Dec. 1: Douglas County, NE seeing highest number of COVID-19 hospitalizations so far this year

The latest COVID-19 data is in for Nebraska.
The latest COVID-19 data is in for Nebraska.(MGN)
Published: Dec. 1, 2021 at 4:57 PM CST
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OMAHA, Neb. (KTIV) - More people are hospitalized with COVID-19 in Douglas County, Nebraska than at any other time this year at 274, with a record-high 57 people on ventilators.

With positive cases and virus-related hospitalizations continuing to rise, doctors in Douglas County are urging community members to get vaccinated.

“If people could spend a day following’s a little frustrating,” said Garrett Connor, an ICU nurse.

Garrett Connor works in the intensive care unity at Nebraska Medicine and every day for about a year, he’s been treating COVID-19 patients.

“A lot of them are scared and anxious it’s not something a lot of people experience, fighting for their breath, so to watch it is tough,” said Connor.

Connor says the vast majority of those who are hospitalized and struggling now are unvaccinated.

“The vaccine’s effective, we see it here every day, we don’t really see critically ill vaccinated patients unless they have some sort of immuno-compromised predisposing factor,” said Connor.

There are 57 COVID-19 patients on ventilators in Douglas County, and according to the county’s health dashboard, that is the most they’ve seen throughout the entire pandemic. Last year at this time there were 47 patients on ventilators.

“That is concerning to me that the increasing numbers show that we’ve kind of taken our eye off the things we know we can to do kind of prevent infection so it kind of, I think it shows our fatigue with this pandemic,” said Dr. Sharon Stoolman, a general pediatrician at Omaha Children’s Hospital.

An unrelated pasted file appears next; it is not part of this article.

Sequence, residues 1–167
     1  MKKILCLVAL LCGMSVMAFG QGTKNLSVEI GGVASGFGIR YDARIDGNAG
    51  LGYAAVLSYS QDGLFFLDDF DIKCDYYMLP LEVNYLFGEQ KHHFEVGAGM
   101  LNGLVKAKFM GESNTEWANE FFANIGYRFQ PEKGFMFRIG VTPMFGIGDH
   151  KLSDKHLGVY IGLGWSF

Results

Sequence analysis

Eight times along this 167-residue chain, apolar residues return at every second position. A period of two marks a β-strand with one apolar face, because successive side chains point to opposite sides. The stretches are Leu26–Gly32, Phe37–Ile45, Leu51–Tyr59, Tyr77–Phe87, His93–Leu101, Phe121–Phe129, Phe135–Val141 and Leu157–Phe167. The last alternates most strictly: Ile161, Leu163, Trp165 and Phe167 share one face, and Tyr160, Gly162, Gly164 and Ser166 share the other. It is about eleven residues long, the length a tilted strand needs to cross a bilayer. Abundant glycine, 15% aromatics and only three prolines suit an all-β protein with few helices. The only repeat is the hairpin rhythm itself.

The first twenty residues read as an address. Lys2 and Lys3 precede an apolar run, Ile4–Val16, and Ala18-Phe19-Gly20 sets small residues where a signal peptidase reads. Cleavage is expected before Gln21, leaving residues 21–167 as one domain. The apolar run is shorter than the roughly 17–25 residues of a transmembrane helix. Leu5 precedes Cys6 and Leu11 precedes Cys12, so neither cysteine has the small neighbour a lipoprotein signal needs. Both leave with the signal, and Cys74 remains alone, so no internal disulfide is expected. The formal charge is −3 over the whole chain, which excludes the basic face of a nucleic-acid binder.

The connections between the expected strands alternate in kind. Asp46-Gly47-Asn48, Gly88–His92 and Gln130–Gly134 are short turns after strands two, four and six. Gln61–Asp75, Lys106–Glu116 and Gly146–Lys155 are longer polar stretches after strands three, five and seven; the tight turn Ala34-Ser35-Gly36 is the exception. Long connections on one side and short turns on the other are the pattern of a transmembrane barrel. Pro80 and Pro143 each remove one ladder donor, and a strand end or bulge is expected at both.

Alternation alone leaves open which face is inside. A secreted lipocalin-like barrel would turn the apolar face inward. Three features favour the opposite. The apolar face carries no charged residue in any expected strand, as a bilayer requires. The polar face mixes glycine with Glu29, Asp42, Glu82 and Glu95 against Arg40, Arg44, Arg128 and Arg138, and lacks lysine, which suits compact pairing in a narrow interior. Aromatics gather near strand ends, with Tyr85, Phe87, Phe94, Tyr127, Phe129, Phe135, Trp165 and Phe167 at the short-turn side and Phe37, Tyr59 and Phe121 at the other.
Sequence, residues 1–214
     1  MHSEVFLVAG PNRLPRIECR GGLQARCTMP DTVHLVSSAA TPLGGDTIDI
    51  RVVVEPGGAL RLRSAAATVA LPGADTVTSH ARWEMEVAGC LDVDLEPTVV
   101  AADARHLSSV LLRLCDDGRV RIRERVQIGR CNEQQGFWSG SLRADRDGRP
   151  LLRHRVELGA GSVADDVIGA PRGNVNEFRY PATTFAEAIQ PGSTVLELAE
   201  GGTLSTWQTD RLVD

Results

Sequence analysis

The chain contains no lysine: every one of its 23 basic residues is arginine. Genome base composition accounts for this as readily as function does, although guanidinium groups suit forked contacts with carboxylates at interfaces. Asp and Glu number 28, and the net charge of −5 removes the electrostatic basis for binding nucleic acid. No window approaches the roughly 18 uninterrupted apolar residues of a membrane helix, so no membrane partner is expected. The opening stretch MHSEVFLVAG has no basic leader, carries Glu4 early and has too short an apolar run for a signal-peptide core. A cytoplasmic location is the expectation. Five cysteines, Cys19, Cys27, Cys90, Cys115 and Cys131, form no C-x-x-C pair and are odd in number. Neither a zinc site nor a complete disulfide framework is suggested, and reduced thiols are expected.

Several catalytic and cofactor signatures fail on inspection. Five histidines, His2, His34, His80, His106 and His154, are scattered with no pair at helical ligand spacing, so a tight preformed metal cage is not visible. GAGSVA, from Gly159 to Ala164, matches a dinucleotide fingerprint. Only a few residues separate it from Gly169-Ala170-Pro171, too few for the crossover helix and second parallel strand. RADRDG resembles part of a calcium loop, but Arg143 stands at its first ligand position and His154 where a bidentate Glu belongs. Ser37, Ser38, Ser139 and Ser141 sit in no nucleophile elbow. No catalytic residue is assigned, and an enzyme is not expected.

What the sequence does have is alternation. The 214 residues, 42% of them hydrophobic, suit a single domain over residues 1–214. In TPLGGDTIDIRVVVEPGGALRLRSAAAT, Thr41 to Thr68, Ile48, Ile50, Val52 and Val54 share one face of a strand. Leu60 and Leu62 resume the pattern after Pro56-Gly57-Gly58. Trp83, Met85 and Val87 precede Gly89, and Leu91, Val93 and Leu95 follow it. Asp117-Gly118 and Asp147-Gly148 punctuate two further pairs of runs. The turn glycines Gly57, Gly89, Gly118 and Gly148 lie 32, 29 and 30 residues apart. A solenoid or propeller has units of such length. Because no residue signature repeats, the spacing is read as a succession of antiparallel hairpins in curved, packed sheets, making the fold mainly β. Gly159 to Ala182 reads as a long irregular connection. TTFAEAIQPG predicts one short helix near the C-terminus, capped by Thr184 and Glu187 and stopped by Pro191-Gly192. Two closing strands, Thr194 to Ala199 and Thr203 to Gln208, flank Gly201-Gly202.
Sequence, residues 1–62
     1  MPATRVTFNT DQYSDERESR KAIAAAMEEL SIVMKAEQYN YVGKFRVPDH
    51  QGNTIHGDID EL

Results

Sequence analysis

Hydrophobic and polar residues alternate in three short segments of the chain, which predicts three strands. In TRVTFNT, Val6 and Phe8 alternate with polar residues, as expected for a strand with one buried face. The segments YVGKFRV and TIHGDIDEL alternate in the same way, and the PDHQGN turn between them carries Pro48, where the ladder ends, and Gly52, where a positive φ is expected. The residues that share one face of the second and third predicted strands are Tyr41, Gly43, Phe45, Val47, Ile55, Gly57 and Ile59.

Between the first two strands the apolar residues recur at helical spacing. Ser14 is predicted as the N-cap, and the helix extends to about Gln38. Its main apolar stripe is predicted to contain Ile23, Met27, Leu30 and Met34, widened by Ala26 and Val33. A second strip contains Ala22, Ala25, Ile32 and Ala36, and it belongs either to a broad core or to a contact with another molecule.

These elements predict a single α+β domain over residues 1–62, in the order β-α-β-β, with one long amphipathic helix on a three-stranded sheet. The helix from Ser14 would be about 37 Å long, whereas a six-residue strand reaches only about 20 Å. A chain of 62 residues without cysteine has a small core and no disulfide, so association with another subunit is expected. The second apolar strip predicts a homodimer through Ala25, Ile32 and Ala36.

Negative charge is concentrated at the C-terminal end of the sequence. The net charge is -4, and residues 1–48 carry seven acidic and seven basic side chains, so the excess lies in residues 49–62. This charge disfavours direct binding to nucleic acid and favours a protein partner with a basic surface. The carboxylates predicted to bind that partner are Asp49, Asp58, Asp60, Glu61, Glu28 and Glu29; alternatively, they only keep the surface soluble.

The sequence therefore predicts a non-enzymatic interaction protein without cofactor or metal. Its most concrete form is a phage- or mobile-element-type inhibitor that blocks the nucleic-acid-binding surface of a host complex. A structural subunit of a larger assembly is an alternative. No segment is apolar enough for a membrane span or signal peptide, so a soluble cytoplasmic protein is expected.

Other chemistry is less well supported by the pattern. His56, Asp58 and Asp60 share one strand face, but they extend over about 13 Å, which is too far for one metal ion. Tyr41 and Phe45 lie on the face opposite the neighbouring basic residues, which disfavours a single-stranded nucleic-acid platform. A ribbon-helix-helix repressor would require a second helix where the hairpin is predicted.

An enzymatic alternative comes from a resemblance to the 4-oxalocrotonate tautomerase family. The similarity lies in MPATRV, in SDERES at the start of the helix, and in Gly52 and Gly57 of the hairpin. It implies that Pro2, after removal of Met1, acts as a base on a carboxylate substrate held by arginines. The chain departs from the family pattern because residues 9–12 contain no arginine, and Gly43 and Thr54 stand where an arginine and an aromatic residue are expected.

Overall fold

Dr. Stoolman says of the 274 COVID patients in the county, 10 of them are children.

“For me, its been the older kids with significant acute COVID, so from about 8 or 9 until the teens and they are short of breath and what’s really challenging for them is as a healthy young person, they’ve never been short of breath like this, to walk to the bathroom that shouldn’t be a big deal for them,” said Dr. Stoolman.

Dr. Stoolman says the hospitalization and mortality rates for pediatric COVID patients are much lower, but there’s another threat for children they’re seeing more of.

“That multi-system inflammatory syndrome which has, it’s pretty scary when they come in, they are high fever and their blood pressures are low, and so it’s like a septic shock picture,” said Dr. Stoolman.

On a more positive note, Dr. Stoolman says there is a steady and consistent stream of families scheduling vaccine appointments for their children. A trend she hopes to see continue.

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